October sees the annual launch of National Home Security Month (NHSM), a nationwide initiative aimed at raising awareness of home security. Hannah Adkins, Marketing Executive for NHSM’s headline sponsor Yale, gives us her five top tips on securing the home of someone with dementia.
- Lock it up
It sounds simple, but ensure door and window security is up to scratch. Doors and windows are the primary methods for burglars to enter and exit properties with 33% simply entering through an open front door*. Even changing the basics in home security can make a big difference and upgrading your locks is easy. Locks should comply with the British Standard BS3621 and cylinders should meet the TS007 3 star standard. Look for the British Kitemark symbol.
- Discourage burglars
There are a number of measures you can install to deter a burglar from considering your property as a potential target. CCTV systems, burglar alarms and outdoor lighting not only provide added security, notifying you to an intruder, they also act as a visual deterrent. In fact, 60% of burglaries attempted on houses with alarm systems failed. As technology evolves, these systems have become more sophisticated and can aid people with dementia. For example, integrated burglar alarms and CCTV systems can now send notifications and email alerts to a users smartphone when triggered. This is ideal, as they can be sent to a relative’s device so they can check on security and their family member’s safety.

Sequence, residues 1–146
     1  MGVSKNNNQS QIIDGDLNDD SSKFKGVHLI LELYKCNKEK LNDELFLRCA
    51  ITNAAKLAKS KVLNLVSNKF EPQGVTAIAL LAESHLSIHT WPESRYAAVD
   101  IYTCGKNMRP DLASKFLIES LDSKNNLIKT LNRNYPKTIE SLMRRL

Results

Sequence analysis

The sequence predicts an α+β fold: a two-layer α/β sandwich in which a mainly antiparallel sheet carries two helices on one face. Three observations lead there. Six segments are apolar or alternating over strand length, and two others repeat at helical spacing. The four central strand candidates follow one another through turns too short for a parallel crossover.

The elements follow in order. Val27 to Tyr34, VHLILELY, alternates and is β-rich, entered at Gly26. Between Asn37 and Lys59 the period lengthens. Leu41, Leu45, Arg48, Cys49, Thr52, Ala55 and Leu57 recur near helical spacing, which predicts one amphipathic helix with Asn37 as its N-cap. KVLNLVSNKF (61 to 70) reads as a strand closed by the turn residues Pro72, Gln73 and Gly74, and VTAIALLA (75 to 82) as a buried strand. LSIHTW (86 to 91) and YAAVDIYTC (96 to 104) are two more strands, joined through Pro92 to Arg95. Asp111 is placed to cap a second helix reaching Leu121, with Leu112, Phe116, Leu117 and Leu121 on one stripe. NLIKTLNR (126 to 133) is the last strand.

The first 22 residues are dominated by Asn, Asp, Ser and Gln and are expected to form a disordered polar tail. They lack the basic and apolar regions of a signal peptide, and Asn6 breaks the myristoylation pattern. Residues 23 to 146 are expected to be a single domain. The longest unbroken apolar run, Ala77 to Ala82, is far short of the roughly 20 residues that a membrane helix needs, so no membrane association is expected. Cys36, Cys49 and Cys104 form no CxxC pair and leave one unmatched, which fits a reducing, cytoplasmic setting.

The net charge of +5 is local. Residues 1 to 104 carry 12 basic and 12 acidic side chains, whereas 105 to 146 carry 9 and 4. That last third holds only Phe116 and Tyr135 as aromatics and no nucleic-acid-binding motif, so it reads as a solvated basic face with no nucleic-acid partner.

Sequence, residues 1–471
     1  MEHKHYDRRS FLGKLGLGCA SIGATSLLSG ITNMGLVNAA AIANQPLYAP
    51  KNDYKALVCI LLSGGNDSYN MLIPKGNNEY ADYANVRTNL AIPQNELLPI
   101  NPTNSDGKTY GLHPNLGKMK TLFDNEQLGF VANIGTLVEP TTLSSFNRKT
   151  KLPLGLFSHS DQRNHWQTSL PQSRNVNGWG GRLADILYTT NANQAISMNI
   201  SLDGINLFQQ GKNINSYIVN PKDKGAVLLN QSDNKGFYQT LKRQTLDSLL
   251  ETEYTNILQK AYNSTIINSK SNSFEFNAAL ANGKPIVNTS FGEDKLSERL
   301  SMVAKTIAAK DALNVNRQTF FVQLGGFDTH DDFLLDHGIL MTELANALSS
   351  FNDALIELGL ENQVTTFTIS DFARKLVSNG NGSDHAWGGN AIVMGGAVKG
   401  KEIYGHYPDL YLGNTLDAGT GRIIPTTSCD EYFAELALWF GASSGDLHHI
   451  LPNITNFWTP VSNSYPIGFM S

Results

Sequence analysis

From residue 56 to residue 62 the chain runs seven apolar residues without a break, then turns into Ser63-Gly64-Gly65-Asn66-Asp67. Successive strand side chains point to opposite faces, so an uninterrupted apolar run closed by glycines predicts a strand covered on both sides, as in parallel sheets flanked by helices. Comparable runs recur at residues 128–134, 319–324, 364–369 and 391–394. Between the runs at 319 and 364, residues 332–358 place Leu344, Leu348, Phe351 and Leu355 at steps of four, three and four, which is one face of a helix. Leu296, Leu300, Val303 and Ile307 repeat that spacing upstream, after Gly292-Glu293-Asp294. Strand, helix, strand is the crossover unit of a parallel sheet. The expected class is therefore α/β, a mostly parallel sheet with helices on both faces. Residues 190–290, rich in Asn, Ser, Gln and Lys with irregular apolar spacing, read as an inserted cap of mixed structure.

- Go key free
As seen with the alarm and CCTV systems, new and developing technology can aid those living with dementia and make life that little bit easier. Smart locks are one such security measure that is doing just that. Smart locks, such as Yale’s Keyless connected smart lock, can be unlocked using a key card, keytag, remote fob or even a smartphone when connected to a smart home system. Pin codes can be set for certain times of the day and given to carers, relatives and house help, such as cleaners to let them into the property securely without having to get up and down, answering to unknown callers or losing keys.
- Eye spy
A threat when leaving vulnerable people home alone is distraction burglaries. This involves a trick or lie to get into a property either by posing as someone of authority or keeping you at the front door while someone accesses the property through a different entry point. Investing in a digital door viewer means that you can see who is at the door without compromising your home security.
- Play it safe
To protect small valuable items, use a home safe securely bolted to the floor or wall. This way, important information cannot be lost or discarded as well as preventing thieves from stealing personal belongings.
For more information and advice on home security visit Home security tips for someone with dementia.